Streets of Colour – Ishinomaki Volunteer ReportPosted: July 1, 2011
Mémé Madoka Watanabe
Language teacher with Peace Boat’s Global English and Espanol Training (GET) Programme
Why did you choose to volunteer?
I just wanted to do something, and fortunately I work for Peace Boat so I could get all the information straight away. I really wanted to be a part of the relief work in any way I could. I wanted to be hands on, go up there. There are so many ways we can help. It’s important. I know it sounds a bit crude to say have this experience, but it is important.
What were your first impressions of Ishinomaki?
Apart from the random houses on top of cars and really distressing things like that, the streets were actually really clean, but that’s just on the surface. The more you stay the more you see. I actually felt detached, like I had nothing to say. I didn’t really feel emotional. I was taking in a lot of stuff, seeing a lot of things, a lot of shocking things but the emotions didn’t really come out. I was surprised at how detached I felt, it was like one of the evacuees said, “At the beginning it felt like a nightmare, now reality is sinking in”, maybe that’s what I was feeling. When you look at everything it doesn’t feel real.
Then I went with these photographers to Ogatsu (a town 10km away from Ishinomaki), which was a town that was completely destroyed and that’s when the emotion just hit me. It was just devastating, that’s when I was really upset. I had been holding my emotions, so surreal, I hadn’t felt stressed. In the evenings you are talking to your group having a laugh, in the day its physical, such hard work. You might find a kid’s pen buried in the mud, or all these different things but I didn’t feel any emotion. But on the last day when I saw Ogatsu it all came to a head, all the hard work, all the destruction, not a single house standing. It was just so sad. To see Japan one of the most beautiful countries in the world with its cities so clean but then to see the opposite total chaos and destruction. That’s when I cried.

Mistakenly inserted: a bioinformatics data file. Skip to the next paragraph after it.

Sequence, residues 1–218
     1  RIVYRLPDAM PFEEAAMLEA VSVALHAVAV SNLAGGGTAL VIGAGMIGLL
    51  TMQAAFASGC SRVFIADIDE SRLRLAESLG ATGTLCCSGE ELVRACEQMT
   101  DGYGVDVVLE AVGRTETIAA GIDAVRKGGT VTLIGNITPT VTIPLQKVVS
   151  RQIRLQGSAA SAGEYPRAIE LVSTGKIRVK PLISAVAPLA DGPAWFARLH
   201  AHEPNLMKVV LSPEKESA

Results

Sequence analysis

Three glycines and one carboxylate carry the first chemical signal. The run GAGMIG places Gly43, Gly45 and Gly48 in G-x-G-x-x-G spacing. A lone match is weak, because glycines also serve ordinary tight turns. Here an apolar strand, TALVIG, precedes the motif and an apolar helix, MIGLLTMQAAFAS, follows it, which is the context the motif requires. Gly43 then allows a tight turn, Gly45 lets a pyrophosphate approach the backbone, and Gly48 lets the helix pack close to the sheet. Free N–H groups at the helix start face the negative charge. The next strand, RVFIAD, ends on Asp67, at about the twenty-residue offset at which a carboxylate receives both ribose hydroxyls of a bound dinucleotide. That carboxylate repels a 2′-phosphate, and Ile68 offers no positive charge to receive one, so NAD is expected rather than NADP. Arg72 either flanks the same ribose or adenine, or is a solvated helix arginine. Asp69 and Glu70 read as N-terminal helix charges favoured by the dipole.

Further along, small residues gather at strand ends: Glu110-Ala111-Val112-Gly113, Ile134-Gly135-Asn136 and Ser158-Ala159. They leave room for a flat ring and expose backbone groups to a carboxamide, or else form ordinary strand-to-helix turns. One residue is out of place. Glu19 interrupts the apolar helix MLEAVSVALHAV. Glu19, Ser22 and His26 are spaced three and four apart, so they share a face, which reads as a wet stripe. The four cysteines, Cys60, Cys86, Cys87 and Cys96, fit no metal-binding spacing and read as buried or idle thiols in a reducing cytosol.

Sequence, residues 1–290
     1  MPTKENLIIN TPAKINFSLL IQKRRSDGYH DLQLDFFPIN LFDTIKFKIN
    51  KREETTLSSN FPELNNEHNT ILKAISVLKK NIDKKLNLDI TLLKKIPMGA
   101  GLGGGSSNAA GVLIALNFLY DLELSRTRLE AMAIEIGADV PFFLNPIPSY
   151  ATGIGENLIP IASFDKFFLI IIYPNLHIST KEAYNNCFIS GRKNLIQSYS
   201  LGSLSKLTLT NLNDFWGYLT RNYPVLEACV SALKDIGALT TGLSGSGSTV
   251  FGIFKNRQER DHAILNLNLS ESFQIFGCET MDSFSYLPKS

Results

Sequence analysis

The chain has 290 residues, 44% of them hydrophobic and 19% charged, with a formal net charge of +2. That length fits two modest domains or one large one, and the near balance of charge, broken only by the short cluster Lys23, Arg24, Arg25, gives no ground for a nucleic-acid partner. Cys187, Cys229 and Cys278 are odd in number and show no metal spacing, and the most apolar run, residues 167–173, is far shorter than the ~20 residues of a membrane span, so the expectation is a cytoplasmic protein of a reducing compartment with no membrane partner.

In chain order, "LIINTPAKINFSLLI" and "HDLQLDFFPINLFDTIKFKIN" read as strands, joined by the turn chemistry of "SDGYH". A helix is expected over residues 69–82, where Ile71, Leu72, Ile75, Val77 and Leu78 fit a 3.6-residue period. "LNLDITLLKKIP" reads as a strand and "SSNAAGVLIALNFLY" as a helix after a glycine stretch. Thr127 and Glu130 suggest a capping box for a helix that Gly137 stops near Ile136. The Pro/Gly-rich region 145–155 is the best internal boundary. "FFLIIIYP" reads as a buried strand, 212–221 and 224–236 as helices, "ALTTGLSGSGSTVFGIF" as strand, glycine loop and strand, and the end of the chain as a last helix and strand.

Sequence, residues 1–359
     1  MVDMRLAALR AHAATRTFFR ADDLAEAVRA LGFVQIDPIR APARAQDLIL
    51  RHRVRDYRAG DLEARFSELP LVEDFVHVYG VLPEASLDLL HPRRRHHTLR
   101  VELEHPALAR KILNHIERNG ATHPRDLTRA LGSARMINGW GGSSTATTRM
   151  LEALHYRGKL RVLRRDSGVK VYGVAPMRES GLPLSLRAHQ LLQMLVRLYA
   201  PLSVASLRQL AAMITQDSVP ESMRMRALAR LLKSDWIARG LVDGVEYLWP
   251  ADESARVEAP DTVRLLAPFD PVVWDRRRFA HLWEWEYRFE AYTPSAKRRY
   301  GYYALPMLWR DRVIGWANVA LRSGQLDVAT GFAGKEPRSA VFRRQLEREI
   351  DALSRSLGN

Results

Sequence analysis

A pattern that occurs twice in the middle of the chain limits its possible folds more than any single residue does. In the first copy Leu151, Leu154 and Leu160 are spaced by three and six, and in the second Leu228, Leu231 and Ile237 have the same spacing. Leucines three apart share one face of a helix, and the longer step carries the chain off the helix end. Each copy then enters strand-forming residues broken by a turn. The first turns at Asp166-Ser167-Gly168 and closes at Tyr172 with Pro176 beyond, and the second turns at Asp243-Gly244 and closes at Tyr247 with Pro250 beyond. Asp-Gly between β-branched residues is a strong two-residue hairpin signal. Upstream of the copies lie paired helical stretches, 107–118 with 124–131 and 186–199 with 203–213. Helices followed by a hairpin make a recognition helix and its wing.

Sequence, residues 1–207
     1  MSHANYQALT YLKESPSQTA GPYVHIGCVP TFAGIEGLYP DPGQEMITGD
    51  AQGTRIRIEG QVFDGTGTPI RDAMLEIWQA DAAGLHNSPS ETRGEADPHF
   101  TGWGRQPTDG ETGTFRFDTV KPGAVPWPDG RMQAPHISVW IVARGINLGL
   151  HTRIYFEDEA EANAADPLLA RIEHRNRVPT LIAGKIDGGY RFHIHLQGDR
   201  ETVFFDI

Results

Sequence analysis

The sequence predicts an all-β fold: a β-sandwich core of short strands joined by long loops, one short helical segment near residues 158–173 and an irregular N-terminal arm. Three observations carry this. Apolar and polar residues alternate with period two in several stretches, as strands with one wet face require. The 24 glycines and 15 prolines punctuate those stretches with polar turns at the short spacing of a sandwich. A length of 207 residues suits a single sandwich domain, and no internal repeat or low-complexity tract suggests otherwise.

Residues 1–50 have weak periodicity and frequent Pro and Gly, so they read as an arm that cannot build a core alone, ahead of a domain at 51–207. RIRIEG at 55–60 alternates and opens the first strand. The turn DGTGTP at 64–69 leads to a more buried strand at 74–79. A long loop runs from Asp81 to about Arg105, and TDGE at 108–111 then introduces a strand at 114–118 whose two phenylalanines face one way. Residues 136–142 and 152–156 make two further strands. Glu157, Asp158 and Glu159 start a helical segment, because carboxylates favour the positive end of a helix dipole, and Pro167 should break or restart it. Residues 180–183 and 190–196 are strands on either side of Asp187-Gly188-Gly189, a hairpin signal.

What was the condition of the local people?
Everyone was different. We met this amazing man, his building was totalled. He said “Before this was my fruit shop, now it is a juice shop. It was amazing he could make a joke about it. But he said “You have to laugh, laugh, walk, walk, laugh, laugh, walk walk, to move forward. It’s taught me how important it is to do good things. Just as we eat three meals a day we should think of three good things.” Isn’t that amazing, he was just a random man in the street. He said good things are coming back to him. I just thought he was really amazing.
Then again you go to the evacuation centres and I didn’t feel I had the right to talk to them, I just wanted to wait until they talked to me. I would just catch their eye and smile. Some people randomly open up but some just don’t want to talk.
What was the main focus of your work?